“Waiting for the shrink” by Dr. Isabelle Soucy: strategies to face the challenges

“Waiting for Dr. Isabelle Soucy's psy: coping strategies to the challenges


Over time, everyone is faced, at one time or another, with trials that can cause feelings of distress. However, it is not always easy to consult a psychologist or a mental health worker. The waiting lists are long and you have to be patient. Dr. Isabelle Soucy, psychologist and author of the book Calm in the heart of chaos, offers this year a new very relevant book, Waiting for the shrink. She offers strategies that can guide people and help them feel truly better.

This new book, whose preface is signed by the Buddhist monk and best-selling author Matthieu Ricard, aims to accompany people in the tumult of everyday life and guide them towards a life rich in meaning. 

Dr. Isabelle Soucy offers strategies to refocus and bounce back better, as well as several unusual resources that are within everyone's reach and that we do not necessarily think of, such as mastering breathing and the benefits of nature.

“I really have the personal mission of making simple and effective strategies accessible to restore the balance of our nervous system and our psychological well-being,” she explains in a telephone interview. I want to make them accessible, available, and simple to implement in our way of life, which is already overwhelmed with responsibilities and tasks.”


There are very accessible resources that you don't necessarily think of, such as counting your inspirations and expirations. 

“All breathing strategies will modulate the activation of our nervous system directly. You have to put them into practice,” she says.

How? “There is, for example, rectangular breathing: we inhale in 4, we hold for 2, we exhale in 4, we hold for 2. Or quite simply, exhaling longer compared to inspiration, that has a very soothing effect on the nervous system. It also stimulates the vagus nerve, very involved in the regulation of the nervous system.”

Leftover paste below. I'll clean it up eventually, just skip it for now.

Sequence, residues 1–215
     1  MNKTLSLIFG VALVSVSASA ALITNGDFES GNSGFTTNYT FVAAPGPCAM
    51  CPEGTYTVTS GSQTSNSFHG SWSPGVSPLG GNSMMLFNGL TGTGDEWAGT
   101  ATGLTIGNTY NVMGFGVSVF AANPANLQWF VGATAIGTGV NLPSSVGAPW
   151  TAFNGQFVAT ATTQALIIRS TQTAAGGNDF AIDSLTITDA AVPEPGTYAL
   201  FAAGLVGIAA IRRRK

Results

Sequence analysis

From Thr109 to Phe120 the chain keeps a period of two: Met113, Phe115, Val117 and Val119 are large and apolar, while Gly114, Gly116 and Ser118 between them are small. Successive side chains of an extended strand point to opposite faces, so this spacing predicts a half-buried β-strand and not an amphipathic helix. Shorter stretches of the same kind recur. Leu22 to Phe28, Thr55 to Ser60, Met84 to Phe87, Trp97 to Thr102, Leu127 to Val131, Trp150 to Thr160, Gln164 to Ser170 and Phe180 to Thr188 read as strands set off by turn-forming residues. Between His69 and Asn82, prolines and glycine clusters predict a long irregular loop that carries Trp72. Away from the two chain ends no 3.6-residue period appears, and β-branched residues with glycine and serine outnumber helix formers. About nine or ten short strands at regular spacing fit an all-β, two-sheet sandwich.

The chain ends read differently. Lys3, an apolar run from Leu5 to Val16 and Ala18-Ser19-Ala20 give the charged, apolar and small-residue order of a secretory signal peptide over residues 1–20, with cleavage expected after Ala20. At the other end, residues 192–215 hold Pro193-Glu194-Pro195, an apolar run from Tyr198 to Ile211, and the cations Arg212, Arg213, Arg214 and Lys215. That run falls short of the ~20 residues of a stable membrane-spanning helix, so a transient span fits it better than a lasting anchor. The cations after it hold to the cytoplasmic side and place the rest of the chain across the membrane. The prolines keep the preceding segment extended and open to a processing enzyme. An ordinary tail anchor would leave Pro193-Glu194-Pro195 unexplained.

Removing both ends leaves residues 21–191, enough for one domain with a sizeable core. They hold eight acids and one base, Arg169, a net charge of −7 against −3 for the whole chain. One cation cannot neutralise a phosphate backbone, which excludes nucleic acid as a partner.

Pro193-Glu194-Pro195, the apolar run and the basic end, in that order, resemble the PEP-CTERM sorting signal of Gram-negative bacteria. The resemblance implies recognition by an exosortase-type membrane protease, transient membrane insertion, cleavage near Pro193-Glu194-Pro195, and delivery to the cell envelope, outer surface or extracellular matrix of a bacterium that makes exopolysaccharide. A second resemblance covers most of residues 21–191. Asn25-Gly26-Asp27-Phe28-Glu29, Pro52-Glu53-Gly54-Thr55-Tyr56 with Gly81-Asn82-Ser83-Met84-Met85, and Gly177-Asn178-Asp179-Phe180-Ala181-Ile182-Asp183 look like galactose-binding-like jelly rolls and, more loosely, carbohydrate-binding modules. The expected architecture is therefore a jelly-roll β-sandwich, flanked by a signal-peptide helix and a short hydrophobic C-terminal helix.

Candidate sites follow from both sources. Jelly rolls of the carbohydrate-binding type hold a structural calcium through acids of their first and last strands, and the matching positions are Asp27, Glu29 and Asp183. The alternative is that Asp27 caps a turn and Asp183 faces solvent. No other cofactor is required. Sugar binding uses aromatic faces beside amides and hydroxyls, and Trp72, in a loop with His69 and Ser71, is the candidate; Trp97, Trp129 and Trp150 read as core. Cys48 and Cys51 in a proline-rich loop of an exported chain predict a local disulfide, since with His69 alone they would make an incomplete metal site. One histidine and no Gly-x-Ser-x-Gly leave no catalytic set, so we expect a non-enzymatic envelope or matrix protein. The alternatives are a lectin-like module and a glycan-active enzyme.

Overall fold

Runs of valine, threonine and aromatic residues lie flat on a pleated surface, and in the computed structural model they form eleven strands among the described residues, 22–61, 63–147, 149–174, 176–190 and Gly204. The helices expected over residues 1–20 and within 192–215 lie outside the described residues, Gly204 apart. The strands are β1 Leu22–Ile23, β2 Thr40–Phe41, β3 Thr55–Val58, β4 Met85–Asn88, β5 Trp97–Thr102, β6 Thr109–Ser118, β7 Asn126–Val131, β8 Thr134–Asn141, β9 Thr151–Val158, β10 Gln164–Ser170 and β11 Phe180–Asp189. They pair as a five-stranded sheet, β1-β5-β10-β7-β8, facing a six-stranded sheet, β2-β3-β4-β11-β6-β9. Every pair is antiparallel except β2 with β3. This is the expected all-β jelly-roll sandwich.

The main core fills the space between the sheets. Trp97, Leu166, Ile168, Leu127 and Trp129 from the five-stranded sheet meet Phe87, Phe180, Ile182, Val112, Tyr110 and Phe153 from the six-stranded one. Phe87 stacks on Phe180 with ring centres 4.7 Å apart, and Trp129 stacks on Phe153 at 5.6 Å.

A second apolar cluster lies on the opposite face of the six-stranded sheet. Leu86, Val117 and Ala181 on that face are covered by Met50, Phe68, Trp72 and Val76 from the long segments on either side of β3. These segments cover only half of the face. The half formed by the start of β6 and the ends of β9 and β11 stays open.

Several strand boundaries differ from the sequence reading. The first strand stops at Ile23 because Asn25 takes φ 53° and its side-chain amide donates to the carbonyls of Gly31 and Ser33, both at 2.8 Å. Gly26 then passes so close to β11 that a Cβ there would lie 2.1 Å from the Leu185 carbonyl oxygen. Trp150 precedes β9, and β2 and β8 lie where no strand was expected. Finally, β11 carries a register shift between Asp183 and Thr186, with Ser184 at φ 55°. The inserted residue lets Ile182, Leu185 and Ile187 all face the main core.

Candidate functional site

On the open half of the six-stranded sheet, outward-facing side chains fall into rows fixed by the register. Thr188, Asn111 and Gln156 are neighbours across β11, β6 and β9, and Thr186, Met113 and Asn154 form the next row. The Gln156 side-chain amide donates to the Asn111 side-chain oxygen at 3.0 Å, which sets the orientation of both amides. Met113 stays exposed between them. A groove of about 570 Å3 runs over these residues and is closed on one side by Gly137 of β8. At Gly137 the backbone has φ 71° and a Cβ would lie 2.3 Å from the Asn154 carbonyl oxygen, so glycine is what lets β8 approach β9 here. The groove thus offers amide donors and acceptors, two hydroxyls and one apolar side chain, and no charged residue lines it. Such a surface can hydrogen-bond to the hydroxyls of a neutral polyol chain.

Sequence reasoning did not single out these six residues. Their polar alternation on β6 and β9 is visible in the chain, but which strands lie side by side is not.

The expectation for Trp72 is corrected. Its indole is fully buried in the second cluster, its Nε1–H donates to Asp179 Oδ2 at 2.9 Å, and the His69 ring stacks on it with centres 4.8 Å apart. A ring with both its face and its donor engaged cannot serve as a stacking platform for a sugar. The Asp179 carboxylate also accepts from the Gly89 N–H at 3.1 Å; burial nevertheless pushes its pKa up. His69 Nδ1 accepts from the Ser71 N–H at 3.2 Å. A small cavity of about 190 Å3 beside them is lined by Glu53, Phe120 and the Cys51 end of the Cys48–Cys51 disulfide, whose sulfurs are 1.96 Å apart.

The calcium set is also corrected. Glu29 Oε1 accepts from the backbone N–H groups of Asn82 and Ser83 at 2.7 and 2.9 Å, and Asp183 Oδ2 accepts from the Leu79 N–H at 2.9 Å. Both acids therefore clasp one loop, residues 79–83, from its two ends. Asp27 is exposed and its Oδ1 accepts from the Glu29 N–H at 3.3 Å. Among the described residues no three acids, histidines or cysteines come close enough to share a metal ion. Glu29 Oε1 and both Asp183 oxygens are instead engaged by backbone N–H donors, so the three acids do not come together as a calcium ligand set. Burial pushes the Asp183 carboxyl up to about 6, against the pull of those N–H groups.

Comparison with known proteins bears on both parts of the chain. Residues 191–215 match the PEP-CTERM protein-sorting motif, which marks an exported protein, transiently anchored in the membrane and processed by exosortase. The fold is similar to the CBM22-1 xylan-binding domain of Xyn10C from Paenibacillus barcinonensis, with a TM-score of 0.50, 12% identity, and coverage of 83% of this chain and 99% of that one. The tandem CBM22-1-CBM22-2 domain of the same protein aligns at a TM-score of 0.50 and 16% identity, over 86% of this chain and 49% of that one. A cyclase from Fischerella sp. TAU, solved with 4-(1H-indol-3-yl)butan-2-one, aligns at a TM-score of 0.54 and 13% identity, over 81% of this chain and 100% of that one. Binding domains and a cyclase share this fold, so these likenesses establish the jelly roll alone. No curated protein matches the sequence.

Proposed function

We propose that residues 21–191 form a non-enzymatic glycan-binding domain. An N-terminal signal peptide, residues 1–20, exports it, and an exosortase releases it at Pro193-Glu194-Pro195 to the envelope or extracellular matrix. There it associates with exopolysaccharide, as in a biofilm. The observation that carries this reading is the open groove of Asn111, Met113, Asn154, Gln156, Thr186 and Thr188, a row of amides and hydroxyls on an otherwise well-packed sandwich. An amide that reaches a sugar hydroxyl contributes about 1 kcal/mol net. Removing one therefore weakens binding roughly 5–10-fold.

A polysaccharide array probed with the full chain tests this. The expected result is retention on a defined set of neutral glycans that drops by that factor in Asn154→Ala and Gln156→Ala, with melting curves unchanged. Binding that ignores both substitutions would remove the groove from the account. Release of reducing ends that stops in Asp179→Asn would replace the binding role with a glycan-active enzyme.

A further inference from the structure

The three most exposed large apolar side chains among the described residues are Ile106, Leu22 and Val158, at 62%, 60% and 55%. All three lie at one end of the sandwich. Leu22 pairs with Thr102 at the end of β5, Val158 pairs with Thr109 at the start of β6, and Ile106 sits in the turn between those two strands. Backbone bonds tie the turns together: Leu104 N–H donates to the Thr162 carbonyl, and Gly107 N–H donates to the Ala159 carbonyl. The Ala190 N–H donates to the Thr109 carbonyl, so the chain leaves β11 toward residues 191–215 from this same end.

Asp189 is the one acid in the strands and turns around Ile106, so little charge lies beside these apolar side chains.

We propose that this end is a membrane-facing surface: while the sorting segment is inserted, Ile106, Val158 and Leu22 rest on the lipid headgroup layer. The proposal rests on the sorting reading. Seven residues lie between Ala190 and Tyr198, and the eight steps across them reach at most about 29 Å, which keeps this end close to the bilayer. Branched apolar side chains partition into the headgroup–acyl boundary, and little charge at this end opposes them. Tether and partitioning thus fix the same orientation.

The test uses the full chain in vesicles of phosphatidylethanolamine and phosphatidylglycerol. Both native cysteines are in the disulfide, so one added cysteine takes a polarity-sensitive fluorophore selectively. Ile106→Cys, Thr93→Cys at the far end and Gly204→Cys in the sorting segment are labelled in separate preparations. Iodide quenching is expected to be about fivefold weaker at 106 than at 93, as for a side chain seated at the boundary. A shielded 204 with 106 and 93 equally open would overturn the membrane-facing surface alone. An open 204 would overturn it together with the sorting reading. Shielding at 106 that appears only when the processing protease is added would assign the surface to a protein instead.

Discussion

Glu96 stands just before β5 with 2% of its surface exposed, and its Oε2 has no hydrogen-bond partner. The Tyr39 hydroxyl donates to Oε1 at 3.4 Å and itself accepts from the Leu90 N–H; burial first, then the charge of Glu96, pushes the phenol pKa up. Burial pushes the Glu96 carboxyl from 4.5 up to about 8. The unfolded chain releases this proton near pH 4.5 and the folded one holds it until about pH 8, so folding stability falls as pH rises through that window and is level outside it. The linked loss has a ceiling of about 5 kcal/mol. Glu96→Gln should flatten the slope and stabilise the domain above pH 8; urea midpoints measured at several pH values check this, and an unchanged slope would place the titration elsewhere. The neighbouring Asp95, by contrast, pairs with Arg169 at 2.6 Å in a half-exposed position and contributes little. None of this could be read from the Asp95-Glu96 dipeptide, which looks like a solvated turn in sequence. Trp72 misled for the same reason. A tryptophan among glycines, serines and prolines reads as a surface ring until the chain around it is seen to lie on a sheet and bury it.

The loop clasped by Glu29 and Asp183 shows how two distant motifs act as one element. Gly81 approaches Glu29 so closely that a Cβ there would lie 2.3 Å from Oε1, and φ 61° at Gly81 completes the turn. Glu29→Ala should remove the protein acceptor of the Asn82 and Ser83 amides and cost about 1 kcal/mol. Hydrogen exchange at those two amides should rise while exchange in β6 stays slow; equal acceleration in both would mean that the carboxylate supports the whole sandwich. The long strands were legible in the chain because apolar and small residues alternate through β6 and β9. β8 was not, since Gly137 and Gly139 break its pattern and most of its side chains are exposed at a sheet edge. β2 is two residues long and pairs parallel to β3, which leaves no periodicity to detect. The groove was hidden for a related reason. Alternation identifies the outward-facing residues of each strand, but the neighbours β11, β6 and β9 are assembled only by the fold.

Breathing is very simple, she reminds. 

“We bring it with us everywhere. It can be used at any time. We can do it in action too, if we don't have time to close our eyes for 10 minutes and focus on the breath.”


The clinical psychologist also reminds us that there are simple resources that we sometimes underestimate, such as spending time outdoors. 

“Studies show it more and more: there are effects on the nervous system, psychological health, as well as a physiological impact, for example on the cardiovascular rhythm, the immune system.”


Changing the way we think about things is another winning strategy, as is training in gratitude. 

“It helps to condition habits that lead us to contentment and a more positive outlook on life. Neurologically, there are really neural paths that are shaped and it is lasting over time: the more you train it, the stronger it becomes!”

It is therefore in our interest to “muscle” your empathy , his benevolence and his gratitude when things are going well! 

“We can take advantage of the ripple effect: afterwards, it becomes easier, more accessible in times when we are more destabilized or upset.”

As soon as you start a process of change, positive things happen, little by little. It's the snowball effect. 

“There is a momentumwhich sets in and it becomes easier and easier to make conscious choices that will fuel our well-being rather than getting stuck in the automatisms that, ultimately, undermine us in terms of well-being.”

  • Dre Isabelle Soucy is a doctor of psychology and author of the book Calm in the Heart of Chaos: Strategy and Exercises for Cultivating Balance in Daily Life.
  • She is a clinical psychologist and practices in the Quebec region.
  • She offers professional training, workshops and clinical supervision services.
  • She is trained in cognitive and behavioral therapies, clinical hypnosis and teaching yoga.< /li>
  • Her website: isabellesoucy.com
  • On YouTube: Calm in the heart chaos. 


To tackle the real causes of his problem, he realized that he had to reorganize the structure of his life and assert certain limits within the framework of his employment. Over the year, he reduced his workload to get closer to a more suitable schedule. He learned to save some energy for going for a walk in the evening. He also signed up for rock climbing lessons with a friend. Naturally, he found that he was less and less under the influence of alcohol. He no longer felt the need to use it as often to feel good.”